Even in death Lisa Ratcliffe had the capacity to make me laugh out loud. I spoke with her over the phone for the last time a few days ago. We gossiped. Talked about how she was going to ride her horse again, how she was going to prove the doctors wrong and get off that couch. Lisa was going skiing. Lisa would be there for her child’s birthday party later in the year. We spoke about death. We spoke about the possibility of death but neither of us believed in it. We were being honest with each other. I was behind her one hundred percent whatever she chose to do.
I believed in Lisa and still believe in her now, an hour after learning that she has died.
As we spoke on the phone, I could hear the morphine in her voice, but still she joked about farting and belching (it was a good feeling that cut her off the phone at one point), we laughed. I joked that we could attach the couch to skis or even get her a horse and carriage sans couch. The couch became a running joke during our last conversation. It makes me smile now to think of what she said, it is a conversation I will carry with me always, it is our last private words and they were filled with such joy, hope and love.
Lisa was The Hesitant Scribe, and throughout her illness she brought us a world that few of us will ever know. Beyond the illness, the pain, the cancer that could not eat her whole, she was a writer.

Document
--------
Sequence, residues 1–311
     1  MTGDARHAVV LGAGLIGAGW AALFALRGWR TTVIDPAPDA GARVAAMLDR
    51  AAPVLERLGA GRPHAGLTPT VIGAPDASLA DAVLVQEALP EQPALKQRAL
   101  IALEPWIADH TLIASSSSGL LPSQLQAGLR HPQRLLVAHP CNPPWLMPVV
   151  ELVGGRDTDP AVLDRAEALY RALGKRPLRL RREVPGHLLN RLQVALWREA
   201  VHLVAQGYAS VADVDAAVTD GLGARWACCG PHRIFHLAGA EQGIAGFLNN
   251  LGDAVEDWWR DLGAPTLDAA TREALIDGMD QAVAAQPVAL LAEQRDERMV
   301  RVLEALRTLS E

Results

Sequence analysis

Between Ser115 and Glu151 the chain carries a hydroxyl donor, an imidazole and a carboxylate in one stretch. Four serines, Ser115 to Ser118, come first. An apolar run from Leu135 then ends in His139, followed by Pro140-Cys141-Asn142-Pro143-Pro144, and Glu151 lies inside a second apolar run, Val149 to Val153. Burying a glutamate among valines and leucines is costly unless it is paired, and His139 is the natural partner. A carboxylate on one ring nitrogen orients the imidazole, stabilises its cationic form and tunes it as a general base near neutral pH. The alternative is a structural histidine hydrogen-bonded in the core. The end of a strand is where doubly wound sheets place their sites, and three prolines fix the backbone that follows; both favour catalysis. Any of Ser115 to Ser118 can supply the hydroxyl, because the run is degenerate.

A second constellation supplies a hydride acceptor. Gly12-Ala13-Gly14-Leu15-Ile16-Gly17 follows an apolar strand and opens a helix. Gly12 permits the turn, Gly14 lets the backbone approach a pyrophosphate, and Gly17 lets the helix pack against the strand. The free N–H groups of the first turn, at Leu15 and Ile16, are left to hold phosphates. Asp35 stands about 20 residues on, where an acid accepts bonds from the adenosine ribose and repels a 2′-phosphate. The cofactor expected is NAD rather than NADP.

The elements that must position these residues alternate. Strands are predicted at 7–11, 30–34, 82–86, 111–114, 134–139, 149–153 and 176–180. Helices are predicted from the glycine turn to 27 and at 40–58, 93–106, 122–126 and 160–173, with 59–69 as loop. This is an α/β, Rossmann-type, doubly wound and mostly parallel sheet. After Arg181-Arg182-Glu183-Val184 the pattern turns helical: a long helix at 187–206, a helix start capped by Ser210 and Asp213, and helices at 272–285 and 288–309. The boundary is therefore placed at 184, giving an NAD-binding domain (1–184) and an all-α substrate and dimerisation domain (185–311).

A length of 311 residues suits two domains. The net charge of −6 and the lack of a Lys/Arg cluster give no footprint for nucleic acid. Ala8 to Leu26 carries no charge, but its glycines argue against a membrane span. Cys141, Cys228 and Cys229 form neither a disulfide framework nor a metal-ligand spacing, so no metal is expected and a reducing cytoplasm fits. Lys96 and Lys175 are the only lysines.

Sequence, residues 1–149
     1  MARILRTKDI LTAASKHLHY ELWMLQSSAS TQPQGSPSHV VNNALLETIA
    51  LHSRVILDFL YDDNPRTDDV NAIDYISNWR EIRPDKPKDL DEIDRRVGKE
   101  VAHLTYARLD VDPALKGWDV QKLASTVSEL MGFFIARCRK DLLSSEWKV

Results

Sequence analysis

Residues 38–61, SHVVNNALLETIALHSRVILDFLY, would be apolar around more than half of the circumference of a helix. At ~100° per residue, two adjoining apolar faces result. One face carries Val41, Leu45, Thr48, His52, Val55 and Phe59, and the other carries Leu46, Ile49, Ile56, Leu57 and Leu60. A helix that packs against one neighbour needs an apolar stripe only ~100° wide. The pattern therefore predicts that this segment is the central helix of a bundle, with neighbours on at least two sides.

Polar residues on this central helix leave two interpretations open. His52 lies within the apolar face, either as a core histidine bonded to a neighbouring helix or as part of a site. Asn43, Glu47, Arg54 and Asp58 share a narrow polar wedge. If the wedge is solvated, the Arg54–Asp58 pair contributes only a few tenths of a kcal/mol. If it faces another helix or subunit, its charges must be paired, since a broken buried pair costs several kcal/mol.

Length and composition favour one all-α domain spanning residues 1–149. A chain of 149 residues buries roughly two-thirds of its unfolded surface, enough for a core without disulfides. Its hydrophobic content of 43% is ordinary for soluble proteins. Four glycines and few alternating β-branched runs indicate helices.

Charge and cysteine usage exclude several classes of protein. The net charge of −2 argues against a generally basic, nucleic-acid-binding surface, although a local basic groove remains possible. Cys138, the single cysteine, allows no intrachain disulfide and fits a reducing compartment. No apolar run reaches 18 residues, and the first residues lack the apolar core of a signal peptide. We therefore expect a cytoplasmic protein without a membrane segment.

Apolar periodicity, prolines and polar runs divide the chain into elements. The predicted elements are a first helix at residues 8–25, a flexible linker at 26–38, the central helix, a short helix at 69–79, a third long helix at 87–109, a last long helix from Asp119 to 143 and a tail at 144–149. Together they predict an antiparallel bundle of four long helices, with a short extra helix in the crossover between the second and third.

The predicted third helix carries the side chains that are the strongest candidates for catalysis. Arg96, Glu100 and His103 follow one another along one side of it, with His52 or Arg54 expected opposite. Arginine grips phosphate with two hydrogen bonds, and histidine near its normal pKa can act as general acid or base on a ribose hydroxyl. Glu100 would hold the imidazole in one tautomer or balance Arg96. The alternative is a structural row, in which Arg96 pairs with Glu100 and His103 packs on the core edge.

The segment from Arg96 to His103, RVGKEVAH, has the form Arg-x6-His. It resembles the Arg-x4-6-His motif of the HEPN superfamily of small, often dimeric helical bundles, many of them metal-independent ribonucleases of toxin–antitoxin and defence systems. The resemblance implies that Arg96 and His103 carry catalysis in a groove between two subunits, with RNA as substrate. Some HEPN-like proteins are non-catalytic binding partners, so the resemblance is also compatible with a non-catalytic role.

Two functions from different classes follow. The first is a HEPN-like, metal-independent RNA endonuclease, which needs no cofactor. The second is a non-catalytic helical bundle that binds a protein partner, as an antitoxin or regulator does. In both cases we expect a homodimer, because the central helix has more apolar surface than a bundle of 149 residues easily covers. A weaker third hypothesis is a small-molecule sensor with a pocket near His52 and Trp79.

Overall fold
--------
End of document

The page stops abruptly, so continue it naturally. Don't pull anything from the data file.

I will share one thing with you all from that last telephone conversation, in the hope you will learn something. We talked of procrastination, how we all do it but that in the end life is for living. Life is not for procrastination. This is something that bound Lisa and I as friends, the desire to live a full life, a positive life, a life worth living.
I taught at a University with Lisa for several years, had more lunches with her than I can remember. Over many bad meals, we moaned, laughed, bitched, swore, argued, fell out, made up and told honest, wicked tales about people we had known.
She was honest, caring, devoted to the people she loved, her partner, her children, she was proud of them. She would tell me the troubles they had got in, how they had all stood up and faced them down. All the time she would have that gleam in her eye, that smile.
From our first meeting to our last conversation, she told me the truth.
I have never been able to convey emotion very well in person but Lisa hammered down that reserve in me. She said to me once, that she was happy to tell me the truth because I had the kind of face that listened. That still makes me laugh.
Lisa Ratcliffe was a writer but more importantly she was my friend, and I will never stop missing her.
Andrew Oldham 05.02.2009